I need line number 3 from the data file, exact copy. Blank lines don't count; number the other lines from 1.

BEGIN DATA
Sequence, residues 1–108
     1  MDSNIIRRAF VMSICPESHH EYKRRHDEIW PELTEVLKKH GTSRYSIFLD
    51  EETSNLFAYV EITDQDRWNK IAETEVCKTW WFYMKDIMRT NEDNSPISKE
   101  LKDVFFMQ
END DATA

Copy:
    51  EETSNLFAYV EITDQDRWNK IAETEVCKTW WFYMKDIMRT NEDNSPISKE